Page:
The third scenario assesses the Chicago Center 1 for Green Technology, a retrofit of an
2 existing commercial building on a 3.3 acre brownfield site that employs a partial green
3 roof, native plantings, water harvesting in cisterns, permeable pavement and a
4 constructed wetland.
5 Although the actual construction costs for this project were likely higher than what the Green
6 Values™ Calculator estimates (since the project was a first-generation demonstration completed
7 in about 2002), the scenario evaluates costs and performance assuming the same features were
8 constructed at 2009 rates. The modeled results, which the city has monitored as diverting 81
9 percent of annual runoff volume, would reduce life cycle costs by 20 percent and prevent nearly
10 2.5 million gallons of runoff from entering sewers.
12 Cost-benefit calculations from the Green Values™ Calculator include preliminary estimates of
13 selected additional benefits that green infrastructure practices have been documented to produce,
14 such as ground water recharge, energy savings, and carbon sequestration.17 Philadelphia
15 evaluated the additional economic and social benefits stemming from a community scale program
16 of green and conventional stormwater practices, designed to deliver similar stormwater
17 performance in several watersheds. The analysis tallied estimated benefits in 11 categories,
18 attributing a greater than $2.7 billion additional benefit to the option utilizing 50% green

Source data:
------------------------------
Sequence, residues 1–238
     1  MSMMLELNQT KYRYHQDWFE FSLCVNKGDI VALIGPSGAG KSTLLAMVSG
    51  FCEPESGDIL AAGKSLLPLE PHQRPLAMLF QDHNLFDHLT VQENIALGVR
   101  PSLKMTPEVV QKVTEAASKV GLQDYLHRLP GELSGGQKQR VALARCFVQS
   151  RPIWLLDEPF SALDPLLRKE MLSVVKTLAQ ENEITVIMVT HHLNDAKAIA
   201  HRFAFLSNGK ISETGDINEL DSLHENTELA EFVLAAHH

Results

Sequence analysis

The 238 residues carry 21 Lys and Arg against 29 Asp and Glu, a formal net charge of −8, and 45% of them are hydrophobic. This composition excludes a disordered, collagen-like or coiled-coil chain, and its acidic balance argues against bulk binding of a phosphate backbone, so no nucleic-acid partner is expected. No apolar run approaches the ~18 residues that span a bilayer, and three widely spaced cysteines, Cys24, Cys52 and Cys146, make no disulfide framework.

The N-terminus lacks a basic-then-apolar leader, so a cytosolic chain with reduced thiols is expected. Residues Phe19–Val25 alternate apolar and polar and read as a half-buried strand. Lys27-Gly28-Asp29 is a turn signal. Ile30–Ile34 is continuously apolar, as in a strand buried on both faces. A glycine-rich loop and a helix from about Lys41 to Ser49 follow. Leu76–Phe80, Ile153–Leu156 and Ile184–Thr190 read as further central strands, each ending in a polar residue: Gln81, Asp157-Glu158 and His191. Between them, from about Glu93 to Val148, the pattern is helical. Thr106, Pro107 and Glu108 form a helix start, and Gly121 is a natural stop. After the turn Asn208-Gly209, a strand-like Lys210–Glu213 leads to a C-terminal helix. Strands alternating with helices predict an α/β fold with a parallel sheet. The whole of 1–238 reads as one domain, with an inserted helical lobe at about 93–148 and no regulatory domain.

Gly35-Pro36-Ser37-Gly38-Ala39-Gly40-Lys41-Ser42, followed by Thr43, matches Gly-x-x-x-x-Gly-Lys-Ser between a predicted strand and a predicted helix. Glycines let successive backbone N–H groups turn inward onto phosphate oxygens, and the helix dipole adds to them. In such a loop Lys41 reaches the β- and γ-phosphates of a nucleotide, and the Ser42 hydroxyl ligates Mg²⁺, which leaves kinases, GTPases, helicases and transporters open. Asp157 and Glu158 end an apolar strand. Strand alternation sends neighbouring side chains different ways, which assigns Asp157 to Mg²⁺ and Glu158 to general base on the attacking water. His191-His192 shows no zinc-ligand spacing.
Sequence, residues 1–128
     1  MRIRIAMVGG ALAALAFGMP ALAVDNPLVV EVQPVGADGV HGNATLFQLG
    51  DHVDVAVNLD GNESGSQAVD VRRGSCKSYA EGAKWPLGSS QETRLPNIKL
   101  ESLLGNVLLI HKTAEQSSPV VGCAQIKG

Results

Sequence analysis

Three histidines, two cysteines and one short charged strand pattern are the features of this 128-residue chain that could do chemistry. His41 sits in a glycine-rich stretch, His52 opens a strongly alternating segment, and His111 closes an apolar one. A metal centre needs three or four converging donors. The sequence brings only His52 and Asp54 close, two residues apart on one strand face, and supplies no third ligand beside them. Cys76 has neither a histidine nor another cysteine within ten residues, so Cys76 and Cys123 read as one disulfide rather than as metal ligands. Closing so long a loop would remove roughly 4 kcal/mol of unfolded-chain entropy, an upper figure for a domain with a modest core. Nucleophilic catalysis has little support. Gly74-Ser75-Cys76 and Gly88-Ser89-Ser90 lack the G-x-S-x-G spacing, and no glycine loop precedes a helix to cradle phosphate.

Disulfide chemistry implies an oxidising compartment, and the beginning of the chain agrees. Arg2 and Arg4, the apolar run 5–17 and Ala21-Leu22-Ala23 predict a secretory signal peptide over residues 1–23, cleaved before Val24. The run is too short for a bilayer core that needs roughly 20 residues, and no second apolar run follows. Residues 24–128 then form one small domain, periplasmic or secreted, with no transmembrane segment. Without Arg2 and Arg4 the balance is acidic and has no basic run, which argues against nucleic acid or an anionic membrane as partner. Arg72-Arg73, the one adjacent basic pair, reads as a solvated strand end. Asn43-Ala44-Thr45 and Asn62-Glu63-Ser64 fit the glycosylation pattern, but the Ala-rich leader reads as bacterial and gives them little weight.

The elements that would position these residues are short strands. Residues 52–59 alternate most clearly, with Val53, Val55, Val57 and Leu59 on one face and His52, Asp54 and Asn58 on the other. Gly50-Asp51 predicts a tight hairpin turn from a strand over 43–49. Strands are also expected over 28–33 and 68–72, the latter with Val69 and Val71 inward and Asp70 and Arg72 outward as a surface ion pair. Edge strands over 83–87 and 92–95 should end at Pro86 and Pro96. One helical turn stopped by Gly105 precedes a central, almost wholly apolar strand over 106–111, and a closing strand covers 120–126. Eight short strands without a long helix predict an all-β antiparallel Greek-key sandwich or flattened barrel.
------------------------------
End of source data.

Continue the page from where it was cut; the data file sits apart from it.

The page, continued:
19 infrastructure (Table 6).
21 Kansas City, Missouri, has also developed a city-scale plan for green infrastructure as part of its
22 combined sewer overflow long-term control plan (Kansas City Water Services Dept. 2008).
23 Evaluating the degree to which planned conventional upgrades could be eliminated with street
24 trees, pervious pavement, green roofs, stormwater planters, and curb extension swales, local
25 authorities identified three sub-watersheds that can achieve equivalent stormwater service using
26 green infrastructure as a portion of the infrastructure investment (Leeds 2008). See Table 7,
29 Kansas City also recognized that green infrastructure solutions leverage private investment, in the
30 form of anticipated green roofs and permeable pavement on private property, so that ―Public
31 investment can be reduced with significant investment by [the] private sector.‖
32 Kansas City‘s analysis also includes estimates of construction costs for green infrastructure
33 practices. Depending on the type of practice, the cost estimates range from $2.28 to $7.13 per
34 gallon (rain garden or bioretention retrofits) to $10.86 per gallon for curb extension swales, $5.50
35 per gallon for permeable parking lots, $11.24 per gallon for permeable sidewalks, $22.68 per
36 gallon for green roofs. The gallons refer to the design capacity of the practice. (This is in contrast
37 to the volumes, in cubic feet, in Table 4 where the reference is to volume infiltrated over the life
38 of the practice).
17 See http://greenvalues.cnt.org/national/benefits_detail.php for a list of benefits associated with green
infrastructure practices and published references to their quantification.
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